There are at least two kinds of grumbling that are popular in our culture today and that are a temptation to contemporary Christians. The first is what I refer to as “casual grumbling.” This is a pseudo-serious way of expressing discontent about other people, and it is most often done under the guise of humor. It’s meant to evoke a laugh, but the humor actually masks the fact that we have uttered dead-serious gossip destructive to Christian unity. Then there is what we might call “direct grumbling,” which eschews any guise of humor or attempt at respectability. Here we directly speak to one person about another person who is not present. Grumbling meets gossip as we openly complain about their actions or attitudes. Rather than following biblical guidance and speaking directly to a person who has offended us, we speak to anyone or everyone else. This invariably erodes relationships in the church and foments disunity.
Then, of course, there is what Paul refers to as “disputing.” Disputing is the stuff of angry hallway confrontations or cutting comments on social media. It is approaching another person and dealing sinfully with his sin or with what may be perceived as an offense. It is making public what should be kept private and handling with anger what should be handled with grace. It is furthering disunity instead of pursuing peace. In both cases, we see that grumbling and disputing are not merely actions but evidences of a disposition. They are not just words of our mouths but attitudes of our hearts. They do not simply reflect something we do but broadcast something we are.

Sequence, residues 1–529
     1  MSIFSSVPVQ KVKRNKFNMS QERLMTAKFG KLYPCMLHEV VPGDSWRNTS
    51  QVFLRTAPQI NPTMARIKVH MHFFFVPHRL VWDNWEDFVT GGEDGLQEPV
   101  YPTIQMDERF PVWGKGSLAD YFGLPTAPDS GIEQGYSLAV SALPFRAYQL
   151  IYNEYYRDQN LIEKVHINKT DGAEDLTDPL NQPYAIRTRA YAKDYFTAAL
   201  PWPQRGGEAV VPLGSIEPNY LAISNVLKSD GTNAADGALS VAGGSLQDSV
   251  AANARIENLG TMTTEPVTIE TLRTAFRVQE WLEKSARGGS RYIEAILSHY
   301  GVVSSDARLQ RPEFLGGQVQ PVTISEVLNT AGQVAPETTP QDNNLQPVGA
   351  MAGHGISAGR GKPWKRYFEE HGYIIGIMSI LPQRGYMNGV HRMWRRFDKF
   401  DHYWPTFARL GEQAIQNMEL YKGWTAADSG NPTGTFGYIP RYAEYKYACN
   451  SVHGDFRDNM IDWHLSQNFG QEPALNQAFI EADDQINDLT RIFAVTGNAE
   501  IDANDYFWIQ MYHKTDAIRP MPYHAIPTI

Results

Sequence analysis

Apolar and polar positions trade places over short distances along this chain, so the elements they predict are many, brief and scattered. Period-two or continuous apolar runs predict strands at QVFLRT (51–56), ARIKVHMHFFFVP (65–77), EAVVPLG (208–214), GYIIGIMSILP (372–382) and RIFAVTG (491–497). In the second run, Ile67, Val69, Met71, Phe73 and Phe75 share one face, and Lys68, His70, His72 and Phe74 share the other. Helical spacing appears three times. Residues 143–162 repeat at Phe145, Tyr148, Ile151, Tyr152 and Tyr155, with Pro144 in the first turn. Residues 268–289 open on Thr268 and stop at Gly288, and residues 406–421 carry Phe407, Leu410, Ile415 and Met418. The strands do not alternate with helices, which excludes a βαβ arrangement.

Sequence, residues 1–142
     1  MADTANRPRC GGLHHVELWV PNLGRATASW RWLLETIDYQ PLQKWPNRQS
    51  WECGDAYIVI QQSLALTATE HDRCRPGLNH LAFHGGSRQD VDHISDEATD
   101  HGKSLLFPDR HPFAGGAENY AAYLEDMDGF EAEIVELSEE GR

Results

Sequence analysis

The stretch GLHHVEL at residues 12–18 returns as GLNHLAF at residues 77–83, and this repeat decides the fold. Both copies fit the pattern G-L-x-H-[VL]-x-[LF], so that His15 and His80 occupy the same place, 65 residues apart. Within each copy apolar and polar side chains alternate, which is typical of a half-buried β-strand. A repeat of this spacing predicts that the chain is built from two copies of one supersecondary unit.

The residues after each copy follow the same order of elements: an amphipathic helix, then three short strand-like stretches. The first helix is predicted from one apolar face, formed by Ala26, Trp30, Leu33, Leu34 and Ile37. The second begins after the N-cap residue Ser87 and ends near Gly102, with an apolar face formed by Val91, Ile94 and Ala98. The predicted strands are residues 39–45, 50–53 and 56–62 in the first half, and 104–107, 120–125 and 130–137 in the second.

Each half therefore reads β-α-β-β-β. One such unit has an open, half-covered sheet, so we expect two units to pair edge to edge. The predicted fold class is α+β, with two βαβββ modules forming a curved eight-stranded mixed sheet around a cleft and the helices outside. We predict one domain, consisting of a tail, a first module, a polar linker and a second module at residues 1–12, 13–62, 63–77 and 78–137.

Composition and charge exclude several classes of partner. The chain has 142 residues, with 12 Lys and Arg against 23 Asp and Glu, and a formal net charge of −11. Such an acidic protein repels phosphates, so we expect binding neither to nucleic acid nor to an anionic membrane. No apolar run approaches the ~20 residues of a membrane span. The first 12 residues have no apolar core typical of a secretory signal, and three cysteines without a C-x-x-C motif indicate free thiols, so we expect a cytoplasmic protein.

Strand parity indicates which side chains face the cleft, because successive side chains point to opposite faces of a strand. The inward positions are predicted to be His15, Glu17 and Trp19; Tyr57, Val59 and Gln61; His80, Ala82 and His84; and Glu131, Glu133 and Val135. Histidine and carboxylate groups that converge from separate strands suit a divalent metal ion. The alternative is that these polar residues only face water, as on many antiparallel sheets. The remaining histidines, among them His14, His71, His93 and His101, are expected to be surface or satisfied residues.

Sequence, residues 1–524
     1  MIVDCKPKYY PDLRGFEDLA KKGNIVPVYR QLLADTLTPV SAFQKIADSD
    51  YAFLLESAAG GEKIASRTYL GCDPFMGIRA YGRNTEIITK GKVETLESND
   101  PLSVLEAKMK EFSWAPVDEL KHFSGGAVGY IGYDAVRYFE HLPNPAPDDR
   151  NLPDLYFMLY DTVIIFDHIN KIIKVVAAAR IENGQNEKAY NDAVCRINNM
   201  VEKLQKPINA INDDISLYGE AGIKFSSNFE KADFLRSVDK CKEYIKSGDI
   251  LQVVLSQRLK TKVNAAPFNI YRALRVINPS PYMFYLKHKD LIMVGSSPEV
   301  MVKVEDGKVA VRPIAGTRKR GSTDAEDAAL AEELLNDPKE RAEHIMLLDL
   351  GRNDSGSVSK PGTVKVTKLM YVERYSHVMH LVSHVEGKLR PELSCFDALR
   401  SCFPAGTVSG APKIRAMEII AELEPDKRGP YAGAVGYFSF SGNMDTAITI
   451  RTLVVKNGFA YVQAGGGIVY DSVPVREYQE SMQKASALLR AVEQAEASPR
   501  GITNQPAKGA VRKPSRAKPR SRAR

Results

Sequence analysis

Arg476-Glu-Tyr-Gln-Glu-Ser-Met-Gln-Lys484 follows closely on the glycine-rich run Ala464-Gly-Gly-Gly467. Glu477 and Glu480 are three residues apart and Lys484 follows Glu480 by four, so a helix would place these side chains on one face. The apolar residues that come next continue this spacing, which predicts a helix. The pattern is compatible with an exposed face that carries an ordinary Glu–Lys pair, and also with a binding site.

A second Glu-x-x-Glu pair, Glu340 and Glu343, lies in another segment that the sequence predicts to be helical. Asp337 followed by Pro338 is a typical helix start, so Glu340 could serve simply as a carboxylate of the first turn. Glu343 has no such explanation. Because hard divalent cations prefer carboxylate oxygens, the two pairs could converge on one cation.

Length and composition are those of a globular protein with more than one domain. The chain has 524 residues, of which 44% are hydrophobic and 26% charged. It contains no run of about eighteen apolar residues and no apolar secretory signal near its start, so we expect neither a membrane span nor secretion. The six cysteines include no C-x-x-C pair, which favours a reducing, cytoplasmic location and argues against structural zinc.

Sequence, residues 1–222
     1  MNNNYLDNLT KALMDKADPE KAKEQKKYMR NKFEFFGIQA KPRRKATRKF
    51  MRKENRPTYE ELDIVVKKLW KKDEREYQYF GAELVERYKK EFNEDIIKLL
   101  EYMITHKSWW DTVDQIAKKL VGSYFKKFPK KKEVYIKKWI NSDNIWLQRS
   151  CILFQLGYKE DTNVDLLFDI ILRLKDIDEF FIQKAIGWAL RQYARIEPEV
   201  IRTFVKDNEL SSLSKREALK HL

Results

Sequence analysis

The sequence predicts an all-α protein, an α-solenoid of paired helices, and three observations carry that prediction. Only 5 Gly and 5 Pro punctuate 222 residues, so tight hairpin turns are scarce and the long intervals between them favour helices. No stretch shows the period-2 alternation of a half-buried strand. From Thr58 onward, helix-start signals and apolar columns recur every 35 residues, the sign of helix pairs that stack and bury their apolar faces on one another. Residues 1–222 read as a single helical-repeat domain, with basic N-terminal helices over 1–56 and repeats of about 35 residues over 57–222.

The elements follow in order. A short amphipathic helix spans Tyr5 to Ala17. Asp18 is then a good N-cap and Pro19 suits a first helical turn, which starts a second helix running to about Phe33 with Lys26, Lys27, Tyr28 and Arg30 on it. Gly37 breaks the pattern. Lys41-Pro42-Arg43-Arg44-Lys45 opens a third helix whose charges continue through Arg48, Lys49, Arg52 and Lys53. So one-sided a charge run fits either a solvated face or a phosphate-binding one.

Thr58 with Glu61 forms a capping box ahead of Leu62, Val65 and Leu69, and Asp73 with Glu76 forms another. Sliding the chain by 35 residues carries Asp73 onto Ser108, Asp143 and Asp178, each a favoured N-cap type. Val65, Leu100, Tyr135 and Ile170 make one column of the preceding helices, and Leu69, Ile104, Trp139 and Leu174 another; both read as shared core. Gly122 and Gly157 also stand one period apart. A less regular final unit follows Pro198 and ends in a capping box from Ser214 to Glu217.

As Christians, we are responsible to maintain the unity of our local churches, and to do that, we need to protect our relationships with our brothers and sisters. When we face the temptation to grumble and dispute, we need to look—to look back, look up, and look forward. We first need to look back to the cross, to Jesus, who, though He was God, uncomplainingly “emptied himself, by taking on the form of a servant” and humbled Himself “by becoming obedient to the point of death, even death on a cross” (Phil. 2:8). If anyone had reason to complain, it was Jesus, yet He uttered not a word of grumbling. Having looked back, we can look up to see the good purposes and kind providence of God in our lives. Even the most difficult circumstances have been ordained by the One who promises He is working “all things together for good, for those who are called according to his purpose” (Rom. 8:28). And then we can look forward to the coming consummation, when we will know that “the sufferings of this present time are not worth comparing with the glory that is to be revealed to us” (v. 18).
As long as sin remains in us, conflict will remain in the church. Though it is unfortunate, it is also inevitable. There will be times when we disagree with others. There will be times when we need to confront other people for their sinful actions or attitudes or to dispute with others to contend for the truth and guard the gospel. But both must be handled with love and grace. Both must be seen as opportunities to further unity rather than further disrupt it. Both must be seen as threats to our calling to shine as lights in this dark and needy world.